Reply to this comment
    • PB- dave January 16, 19:04

      Another thought is a storage tank that folks on a private well are all too familiar with. These Tanks can be installed in line ahead of a water heater and provide many gallons of fresh water, as it’s constantly being replaced from your source water supply.
      I would also suggest a “working” main supply valve ( prefer a ball type) to keep water from back flowing from your house to its source. Or a check valve would be an option too.

      Reply to this comment
  6. Nance October 13, 22:42

    Are you really expecting such a crisis? And even if it does happen, how do we keep a group of people from breaking in and stealing our stored food and water,short of killing all of them? This whole SURVIVAL business is beginning to worry me! We did get the book “Lost Ways”, however.

    Reply to this comment
    • Dan Fava October 14, 01:36

      Nance, you expressed fear of a group of people breaking in and stealing your stuff… what to do short of killing them? Let me be very bleak hear; if SHTF, you either protect your food, water, and family or they will kill you and your family and then take your stuff. Get plenty of ammo, learn how to handle your firearms safely and get a mind set that if they invade your home, they need to “go away”. You did see the Wal-Mart tape on TV a few years ago where a guard was trampled to death for a toy? What do you think people will do when they are starving and dying of thirst? Remember an EMP is a stark reality. Please prepare and get a plan with all your relatives involved. Good Luck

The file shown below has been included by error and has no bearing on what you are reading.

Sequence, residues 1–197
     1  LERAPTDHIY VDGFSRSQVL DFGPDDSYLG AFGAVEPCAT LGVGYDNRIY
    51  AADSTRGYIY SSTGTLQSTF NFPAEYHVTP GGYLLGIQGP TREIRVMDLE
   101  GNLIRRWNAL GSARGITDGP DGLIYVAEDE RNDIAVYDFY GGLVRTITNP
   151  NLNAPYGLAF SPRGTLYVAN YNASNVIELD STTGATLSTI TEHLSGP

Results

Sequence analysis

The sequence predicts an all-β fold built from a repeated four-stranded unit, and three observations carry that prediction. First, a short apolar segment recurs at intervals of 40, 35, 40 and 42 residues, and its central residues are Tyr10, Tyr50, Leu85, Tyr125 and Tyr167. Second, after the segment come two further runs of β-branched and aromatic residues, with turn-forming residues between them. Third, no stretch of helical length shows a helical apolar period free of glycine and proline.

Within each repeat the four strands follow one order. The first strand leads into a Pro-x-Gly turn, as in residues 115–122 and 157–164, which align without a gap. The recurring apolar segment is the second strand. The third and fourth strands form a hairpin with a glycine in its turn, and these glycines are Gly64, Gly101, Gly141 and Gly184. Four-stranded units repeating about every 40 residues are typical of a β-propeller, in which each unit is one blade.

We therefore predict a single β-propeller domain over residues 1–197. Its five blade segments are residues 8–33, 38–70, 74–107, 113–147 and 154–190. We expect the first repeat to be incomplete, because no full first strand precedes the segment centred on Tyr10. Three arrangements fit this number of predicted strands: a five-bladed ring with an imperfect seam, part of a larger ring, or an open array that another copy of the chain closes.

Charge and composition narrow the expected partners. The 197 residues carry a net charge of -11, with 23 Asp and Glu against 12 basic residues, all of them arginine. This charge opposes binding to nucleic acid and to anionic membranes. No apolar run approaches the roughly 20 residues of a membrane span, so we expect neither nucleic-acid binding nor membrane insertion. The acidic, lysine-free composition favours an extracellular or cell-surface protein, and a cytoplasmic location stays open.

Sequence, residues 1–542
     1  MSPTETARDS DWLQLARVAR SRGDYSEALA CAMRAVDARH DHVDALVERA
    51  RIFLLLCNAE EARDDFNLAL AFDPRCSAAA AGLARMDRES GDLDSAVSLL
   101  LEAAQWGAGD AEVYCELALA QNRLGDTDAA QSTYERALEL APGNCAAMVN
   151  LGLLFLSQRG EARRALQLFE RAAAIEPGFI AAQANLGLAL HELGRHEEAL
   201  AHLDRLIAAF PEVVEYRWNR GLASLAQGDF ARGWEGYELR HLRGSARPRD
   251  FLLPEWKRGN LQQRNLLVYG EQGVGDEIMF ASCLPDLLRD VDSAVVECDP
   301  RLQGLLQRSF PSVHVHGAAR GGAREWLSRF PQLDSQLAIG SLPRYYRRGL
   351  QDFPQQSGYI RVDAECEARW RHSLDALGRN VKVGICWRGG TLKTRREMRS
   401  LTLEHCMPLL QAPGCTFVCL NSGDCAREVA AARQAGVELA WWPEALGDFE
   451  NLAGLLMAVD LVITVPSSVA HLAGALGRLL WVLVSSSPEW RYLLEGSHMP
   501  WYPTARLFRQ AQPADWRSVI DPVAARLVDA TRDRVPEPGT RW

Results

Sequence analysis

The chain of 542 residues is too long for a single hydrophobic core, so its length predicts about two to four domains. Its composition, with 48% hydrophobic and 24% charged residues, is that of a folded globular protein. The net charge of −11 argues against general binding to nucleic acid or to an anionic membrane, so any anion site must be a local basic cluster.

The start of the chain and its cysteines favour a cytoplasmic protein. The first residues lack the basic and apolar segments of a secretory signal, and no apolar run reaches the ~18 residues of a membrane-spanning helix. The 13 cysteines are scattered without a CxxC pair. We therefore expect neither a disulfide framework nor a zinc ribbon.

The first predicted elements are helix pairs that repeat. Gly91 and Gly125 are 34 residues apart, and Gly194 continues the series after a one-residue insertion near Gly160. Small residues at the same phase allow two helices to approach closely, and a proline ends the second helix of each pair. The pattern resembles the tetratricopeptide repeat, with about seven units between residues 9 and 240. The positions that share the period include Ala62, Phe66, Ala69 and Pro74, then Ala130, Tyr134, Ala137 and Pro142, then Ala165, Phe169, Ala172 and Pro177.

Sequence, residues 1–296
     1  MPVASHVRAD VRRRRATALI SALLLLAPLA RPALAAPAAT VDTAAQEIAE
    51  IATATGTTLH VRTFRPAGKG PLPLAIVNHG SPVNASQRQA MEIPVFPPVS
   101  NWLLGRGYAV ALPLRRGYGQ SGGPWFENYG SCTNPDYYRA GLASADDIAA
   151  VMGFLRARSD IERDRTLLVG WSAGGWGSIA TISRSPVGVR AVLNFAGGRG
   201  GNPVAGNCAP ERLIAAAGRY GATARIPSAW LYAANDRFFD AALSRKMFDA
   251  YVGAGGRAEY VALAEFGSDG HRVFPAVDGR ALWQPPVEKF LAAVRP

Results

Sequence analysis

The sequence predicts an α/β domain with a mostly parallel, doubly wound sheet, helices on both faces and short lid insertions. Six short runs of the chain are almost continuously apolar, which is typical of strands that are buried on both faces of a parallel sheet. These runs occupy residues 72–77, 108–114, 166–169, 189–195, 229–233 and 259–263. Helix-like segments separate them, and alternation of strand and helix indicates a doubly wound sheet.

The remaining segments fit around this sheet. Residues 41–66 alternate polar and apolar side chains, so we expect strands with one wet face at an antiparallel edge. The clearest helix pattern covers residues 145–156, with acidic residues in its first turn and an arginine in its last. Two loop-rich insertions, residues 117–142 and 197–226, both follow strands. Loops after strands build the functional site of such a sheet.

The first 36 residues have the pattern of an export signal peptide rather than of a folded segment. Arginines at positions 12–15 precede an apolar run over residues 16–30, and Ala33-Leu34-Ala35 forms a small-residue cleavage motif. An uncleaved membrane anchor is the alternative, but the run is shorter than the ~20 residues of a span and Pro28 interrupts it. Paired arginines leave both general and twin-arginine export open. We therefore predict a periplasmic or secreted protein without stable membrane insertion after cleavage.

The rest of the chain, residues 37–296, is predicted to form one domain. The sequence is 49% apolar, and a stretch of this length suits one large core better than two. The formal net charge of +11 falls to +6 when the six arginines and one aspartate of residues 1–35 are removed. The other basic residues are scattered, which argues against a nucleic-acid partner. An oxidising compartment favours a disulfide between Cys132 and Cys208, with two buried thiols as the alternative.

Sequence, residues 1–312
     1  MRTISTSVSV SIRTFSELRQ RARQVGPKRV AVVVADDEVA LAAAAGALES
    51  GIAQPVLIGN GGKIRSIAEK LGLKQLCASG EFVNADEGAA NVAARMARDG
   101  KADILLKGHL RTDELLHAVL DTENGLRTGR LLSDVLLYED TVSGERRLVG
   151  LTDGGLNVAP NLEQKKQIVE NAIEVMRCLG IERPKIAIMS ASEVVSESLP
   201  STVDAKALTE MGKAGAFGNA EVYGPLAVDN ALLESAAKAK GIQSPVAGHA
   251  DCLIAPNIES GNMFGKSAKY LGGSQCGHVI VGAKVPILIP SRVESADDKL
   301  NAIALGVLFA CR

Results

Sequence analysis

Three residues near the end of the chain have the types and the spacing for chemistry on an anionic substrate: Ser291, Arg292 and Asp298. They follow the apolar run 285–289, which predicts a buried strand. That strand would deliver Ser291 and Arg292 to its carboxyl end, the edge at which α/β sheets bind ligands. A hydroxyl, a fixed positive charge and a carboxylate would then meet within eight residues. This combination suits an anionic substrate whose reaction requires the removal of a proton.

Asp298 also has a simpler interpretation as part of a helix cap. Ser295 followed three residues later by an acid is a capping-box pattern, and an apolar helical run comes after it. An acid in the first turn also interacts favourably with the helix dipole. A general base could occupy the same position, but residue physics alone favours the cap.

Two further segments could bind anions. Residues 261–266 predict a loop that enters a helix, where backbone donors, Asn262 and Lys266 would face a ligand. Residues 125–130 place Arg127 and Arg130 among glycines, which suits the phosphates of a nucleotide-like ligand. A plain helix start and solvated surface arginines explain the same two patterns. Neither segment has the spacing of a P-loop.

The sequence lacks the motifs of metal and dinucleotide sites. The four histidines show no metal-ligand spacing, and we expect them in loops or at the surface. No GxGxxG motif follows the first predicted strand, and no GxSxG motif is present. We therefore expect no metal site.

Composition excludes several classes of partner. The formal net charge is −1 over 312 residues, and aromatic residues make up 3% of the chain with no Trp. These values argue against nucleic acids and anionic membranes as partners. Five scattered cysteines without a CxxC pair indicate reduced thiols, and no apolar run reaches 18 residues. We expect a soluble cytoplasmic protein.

Reply to this comment
    • left coast chuck October 14, 02:18

      Nance: The mindset to protect what you have had the foresight to acquire takes some work to acquire. Some folks feel that they can never take another’s life, that it is better to die oneself than to take another’s life. That is a philosophical question that must be resolved individually. What I decide to do should only be noted for information purposes. It shouldn’t influence the decision you and your family have to make for yourselves. While I can’t say that all people who have been attacked have decided that if there is a next time they will defend themselves with all means available, from reports I have read, even dedicated pacifists have opted to arm themselves after being attacked and assaulted. It is quite revealing how many anti-gun folks either own guns themselves or suddenly decide that having a gun is a necessity after they have been robbed or assaulted.

      There is the old joke about the Quaker who discovered a burglar in his bedroom. The old Quaker said to the burglar, “Friend, I would not harm thee for all the world but thou standist where I am about to shoot.”

      My apologies to Friends everywhere.